The Arab Spring that swept through the MENA region nearly three years ago has led to widespread instability in Egypt, Libya, Sudan, Tunisia and Syria. In fact, the only countries that have escaped the unrest are the oil and gas rich countries of the Gulf, which were able to inject sufficient amounts of money into their economies to avoid political upheaval. Countries such as Saudi Arabia, Kuwait and the United Arab Emirates, which enjoy favourable ratios between wealth and demographics, have the leeway to overcome economic challenges.
This is not the case, however, for most of the region where the political instability shows no signs of abating anytime soon. In Syria the turmoil has escalated into a full blown civil war. As a result, the Syrian economy, which once had a tremendous amount of potential, has simply come to a complete halt.
Although Syria is the most extreme case in the region, all of the countries within ASEC Cement’s operational footprint, including of course Egypt, have been negatively impacted by the economic fallout from the Arab Spring. As a leading regional cement producer with a goal to produce 10 million tpa of cement by 2016 in what are essentially attractive, key markets in the region, including Egypt, Sudan and Algeria, we found ourselves facing a host of operational challenges.
Where we stand today
The political upending of the region has made its impact felt upon the cement industry in several ways.
The significant and ongoing deterioration of security conditions has adversely affected our productivity. Social unrest combined with a lack of police presence in many areas, particularly the more rural areas where production facilities are generally located, has made it extremely difficult to maintain productivity levels at operational plants. Lack of security has also had a negative impact on the progress of construction at new sites, leading to significant delays in the launch dates of new cement plants. In some instances last year we were forced to temporarily freeze construction due to security lapses and labour unrest. During the construction of our recently launched 2 million tpa greenfield cement plant in the Upper Egyptian Governorate of Minya, which began just months after Egypt’s 25 January Revolution, we were forced to negotiate and resolve local tribal disturbances on our own.
The unreliable nature of the supply chain for raw materials, spare parts and equipment has also been a major cause of disruption for the cement industry. It was most painfully felt in the form of severe fuel shortages. The shortage of fuel and electricity coupled with rising prices were a clear sign that governments in the region would no longer be able to maintain subsidies at current levels. As authorities examine ways to gradually dismantle subsidy systems, cement plants in Egypt and Sudan are being forced to reduce production levels and postpone launch dates because of their inability to secure fuel.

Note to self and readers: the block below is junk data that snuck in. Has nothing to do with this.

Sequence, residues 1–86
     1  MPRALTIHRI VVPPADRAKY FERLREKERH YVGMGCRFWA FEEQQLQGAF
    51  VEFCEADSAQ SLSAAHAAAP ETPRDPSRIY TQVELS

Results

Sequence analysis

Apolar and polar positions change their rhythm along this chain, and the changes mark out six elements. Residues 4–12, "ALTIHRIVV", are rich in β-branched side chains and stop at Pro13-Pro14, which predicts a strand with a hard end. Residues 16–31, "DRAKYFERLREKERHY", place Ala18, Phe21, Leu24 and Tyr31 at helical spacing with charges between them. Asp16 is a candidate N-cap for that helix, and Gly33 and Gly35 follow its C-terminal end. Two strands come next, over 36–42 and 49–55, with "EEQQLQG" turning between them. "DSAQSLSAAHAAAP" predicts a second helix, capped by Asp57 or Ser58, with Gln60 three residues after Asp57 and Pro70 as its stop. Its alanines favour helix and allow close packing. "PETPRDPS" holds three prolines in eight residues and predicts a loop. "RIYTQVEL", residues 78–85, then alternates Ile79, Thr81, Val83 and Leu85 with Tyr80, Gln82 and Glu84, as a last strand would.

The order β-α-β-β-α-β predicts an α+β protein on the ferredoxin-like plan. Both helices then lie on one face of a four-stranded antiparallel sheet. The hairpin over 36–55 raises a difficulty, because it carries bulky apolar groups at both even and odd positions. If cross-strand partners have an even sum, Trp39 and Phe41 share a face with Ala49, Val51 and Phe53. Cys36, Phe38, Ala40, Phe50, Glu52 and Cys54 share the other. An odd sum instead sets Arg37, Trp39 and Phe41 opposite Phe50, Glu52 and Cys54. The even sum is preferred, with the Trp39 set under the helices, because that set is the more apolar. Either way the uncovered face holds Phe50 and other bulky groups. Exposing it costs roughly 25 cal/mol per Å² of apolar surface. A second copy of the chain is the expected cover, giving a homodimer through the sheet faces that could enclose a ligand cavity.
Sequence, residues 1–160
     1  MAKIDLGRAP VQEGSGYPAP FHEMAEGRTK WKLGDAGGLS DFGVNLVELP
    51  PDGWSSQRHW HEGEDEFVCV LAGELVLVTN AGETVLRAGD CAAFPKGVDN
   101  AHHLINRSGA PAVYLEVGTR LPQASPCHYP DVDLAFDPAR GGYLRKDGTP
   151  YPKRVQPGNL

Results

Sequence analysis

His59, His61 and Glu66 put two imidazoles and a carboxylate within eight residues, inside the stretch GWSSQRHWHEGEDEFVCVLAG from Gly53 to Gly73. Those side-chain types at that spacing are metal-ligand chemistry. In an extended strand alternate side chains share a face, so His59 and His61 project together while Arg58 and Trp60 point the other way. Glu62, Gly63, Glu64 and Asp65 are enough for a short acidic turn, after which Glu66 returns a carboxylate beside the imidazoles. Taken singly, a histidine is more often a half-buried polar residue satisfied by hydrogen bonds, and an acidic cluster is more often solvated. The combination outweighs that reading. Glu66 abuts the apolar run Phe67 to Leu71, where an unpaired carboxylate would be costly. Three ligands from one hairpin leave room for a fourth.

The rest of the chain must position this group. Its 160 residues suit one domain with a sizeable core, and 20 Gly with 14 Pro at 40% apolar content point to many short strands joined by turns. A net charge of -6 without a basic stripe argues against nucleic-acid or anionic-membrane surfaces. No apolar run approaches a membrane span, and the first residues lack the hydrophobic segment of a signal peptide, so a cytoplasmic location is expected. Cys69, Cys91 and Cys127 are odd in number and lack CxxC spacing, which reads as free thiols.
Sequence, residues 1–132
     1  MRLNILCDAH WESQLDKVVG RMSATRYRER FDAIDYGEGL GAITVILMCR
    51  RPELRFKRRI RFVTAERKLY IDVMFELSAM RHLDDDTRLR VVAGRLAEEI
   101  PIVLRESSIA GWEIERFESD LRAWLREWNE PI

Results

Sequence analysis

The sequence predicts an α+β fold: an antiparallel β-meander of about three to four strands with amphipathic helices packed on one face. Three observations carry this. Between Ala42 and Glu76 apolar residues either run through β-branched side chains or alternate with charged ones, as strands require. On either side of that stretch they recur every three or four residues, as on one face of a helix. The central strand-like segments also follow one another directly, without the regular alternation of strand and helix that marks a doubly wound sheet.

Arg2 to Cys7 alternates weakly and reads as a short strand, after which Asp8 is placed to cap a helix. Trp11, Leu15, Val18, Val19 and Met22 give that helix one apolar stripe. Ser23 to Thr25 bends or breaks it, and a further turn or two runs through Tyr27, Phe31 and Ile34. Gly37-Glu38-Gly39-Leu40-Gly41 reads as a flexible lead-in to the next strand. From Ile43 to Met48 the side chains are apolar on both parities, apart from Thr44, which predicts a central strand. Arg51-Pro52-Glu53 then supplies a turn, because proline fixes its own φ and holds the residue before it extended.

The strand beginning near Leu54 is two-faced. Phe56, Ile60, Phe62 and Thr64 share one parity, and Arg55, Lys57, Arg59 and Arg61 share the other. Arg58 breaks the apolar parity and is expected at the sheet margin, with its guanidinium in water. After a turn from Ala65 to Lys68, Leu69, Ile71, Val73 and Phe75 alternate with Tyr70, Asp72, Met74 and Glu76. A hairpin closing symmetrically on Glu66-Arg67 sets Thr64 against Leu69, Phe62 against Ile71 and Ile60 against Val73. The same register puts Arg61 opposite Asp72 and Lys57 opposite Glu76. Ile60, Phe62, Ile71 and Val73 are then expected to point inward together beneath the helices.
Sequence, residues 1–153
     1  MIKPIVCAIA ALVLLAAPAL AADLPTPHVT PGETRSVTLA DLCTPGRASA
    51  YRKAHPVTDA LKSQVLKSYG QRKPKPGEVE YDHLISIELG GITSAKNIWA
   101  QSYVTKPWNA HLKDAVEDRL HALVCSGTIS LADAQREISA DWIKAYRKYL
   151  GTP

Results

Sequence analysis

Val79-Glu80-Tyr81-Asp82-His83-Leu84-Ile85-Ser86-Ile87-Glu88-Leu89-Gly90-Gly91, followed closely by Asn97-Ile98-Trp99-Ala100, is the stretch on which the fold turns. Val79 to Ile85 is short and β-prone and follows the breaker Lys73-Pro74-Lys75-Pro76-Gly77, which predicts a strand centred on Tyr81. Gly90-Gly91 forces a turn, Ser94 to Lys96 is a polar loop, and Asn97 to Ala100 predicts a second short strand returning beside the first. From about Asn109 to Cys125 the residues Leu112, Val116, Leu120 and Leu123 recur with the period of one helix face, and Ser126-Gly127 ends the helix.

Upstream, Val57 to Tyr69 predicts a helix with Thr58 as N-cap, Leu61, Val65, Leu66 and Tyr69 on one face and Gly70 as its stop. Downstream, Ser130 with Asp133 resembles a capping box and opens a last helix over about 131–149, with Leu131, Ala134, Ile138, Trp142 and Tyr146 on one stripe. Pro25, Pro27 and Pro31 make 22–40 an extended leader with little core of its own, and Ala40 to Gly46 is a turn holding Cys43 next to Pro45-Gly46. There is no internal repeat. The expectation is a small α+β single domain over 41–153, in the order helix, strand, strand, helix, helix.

Difficulty in obtaining the necessary government permits, licenses and authorisations, as well as a general slowdown in the decision making process on the part of incompetent leadership and transitional governments, has confounded our ability to deliver projects in a timely manner. Due to the transitional nature of many of the current governments, it is becoming exceedingly difficult to get signatures affixed to documentation. The enormity of this problem cannot be overstated. Governmental inertia has had a major impact on several of our projects.
General instability and a deteriorating security situation has made it increasingly difficult to accommodate expatriates who have been employed by the cement industry in the MENA region. Although we at ASEC Cement have done our utmost to replace foreign staff with local hires in order to maximise efficiency and control costs within all of our operations, we still require a limited number of expats to transfer knowledge and train local staff.
The banking sector has chosen to withdraw its support of the MENA cement sector at a very critical time, thus threatening the viability of certain projects and rendering previously obtained licenses null and void due to lack of funding. For example, before the outbreak of the civil war in Syria we had been working diligently to develop a viable solution that would allow us to launch a project with the help of international investors. As the project was ready to move ahead, the crisis in Syria led to the immediate withdrawal of financing and the indefinite postponement of the project.
Can we move forward?
Despite these daunting challenges, demand for cement in the region’s net oil-importing countries witnessed a modest decline. The drop is mainly attributable to the occasional breakdown of security rather than a lack of effective demand. Supply also contracted on the back of the aforementioned security and energy issues. Even within the compromised nature of our operating environment, the building materials sector was still responsible for driving a significant portion of the overall growth in MENA markets in 2012.
Read part two of ‘Can the Cement Industry Survive the Arab Spring?’ here.
Written by Giorgio Bodo, ASEC Cement, Egypt. This is an abridged version of the full article, which appeared in the November 2013 issue of World Cement. Subscribers can view the full article by logging in.
Read the article online at: https://www.worldcement.com/africa-middle-east/24102013/the_arab_spring_causes_problems_for_cement_companies_part_one_will_the_industry_survive_334/